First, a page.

The catalog details are exposed to the right users (based on security) at the right time—solving both the headache of sharing information and governance in one step.
As explained, there are two aspects to Pyramid’s data cataloging: the classic cataloging of the data model and the cataloging of the analytical content assets.
Because of Pyramid’s rich self-cataloging infrastructure, many other derived capabilities can be delivered:
Note: In Part 2 of this two-part data catalog blog, I will cover these items in more depth. I’ll explore how the data lineage, structure analyzer, and data source changer work and their effect on conjoining the intersection between the content and the data catalog.
Administrators can also derive extended functionality through the Pyramid’s cataloging framework:
Suzanne, a business analyst at XYZ Retail Inc., is using Pyramid to perform analytics on her ERP system housed in an Oracle data warehouse. As a new employee, she would like to better understand the relationships between the data sources and the ETL processes that have been performed. In addition, it will help her to view the current analytical assets, as well as the numerous formulas that have been created to accommodate useful calculations, so she will not have to “reinvent the wheel.”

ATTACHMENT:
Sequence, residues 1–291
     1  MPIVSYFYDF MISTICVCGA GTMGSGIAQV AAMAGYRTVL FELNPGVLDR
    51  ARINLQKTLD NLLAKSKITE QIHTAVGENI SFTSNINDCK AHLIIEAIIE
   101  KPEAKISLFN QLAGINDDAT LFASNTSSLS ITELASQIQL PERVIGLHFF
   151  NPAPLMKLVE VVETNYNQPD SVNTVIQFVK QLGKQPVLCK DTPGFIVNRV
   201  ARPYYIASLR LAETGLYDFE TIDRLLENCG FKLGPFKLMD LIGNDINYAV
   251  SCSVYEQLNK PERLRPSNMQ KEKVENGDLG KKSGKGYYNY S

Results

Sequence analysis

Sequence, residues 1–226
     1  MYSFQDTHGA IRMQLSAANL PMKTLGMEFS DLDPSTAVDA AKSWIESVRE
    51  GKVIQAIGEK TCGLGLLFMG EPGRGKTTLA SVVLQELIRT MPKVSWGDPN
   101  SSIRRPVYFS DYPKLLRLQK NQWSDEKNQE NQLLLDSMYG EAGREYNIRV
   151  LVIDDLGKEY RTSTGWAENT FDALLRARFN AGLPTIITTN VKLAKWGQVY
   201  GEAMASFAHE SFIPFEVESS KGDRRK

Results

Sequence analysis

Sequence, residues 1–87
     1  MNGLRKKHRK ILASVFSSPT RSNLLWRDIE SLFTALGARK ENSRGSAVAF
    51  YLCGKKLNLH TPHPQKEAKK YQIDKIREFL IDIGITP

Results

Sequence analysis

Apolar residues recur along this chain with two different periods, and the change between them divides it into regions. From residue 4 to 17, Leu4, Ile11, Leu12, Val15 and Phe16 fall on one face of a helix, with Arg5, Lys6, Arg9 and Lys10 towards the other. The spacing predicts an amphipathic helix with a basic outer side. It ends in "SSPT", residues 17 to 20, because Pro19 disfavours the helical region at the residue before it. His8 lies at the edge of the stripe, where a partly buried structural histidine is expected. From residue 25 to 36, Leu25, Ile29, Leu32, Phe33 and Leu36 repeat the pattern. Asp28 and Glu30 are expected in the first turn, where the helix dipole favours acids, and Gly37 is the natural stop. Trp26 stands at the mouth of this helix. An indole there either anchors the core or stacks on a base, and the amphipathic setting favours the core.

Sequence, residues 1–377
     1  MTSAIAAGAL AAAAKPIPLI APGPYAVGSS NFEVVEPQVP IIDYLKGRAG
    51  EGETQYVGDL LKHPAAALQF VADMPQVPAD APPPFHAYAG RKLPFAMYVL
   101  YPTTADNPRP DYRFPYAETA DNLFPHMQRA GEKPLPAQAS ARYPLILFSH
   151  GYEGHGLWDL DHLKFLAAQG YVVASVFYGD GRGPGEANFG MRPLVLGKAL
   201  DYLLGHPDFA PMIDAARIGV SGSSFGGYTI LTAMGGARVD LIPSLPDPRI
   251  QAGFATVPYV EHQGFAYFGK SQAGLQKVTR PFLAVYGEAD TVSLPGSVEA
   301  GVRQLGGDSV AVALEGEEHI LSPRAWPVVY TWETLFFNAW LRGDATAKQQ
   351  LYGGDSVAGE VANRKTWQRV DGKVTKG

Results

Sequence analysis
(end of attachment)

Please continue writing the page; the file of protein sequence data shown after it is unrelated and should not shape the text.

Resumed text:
Suzanne wants to review the descriptions and details of all hierarchies and measures that are available from the current data catalog while creating or reviewing a report. The full description appears as a tooltip when hovering over the hierarchy or measure in a report. In this example, Suzanne hovers her cursor over the column heading for the “Education” hierarchy and the description is displayed as a tooltip.
Measures also display descriptions as a tooltip when the cursor hovers over the measure heading in a report.
The tooltip is also available when hovering over the tree structure of the available hierarchies and measures. In this example, Suzanne hovers over the “Education” hierarchy to better understand its relevance in the data model.
Next, Suzanne wants to export the descriptions and details of all hierarchies and measures that are available from the current data model while creating or reviewing a report. Suzanne simply clicks on the “Data Catalog Export” button.
An exported PDF file is then automatically downloaded, listing all the dimensions, hierarchies, levels, and measures, together with their relevant descriptions.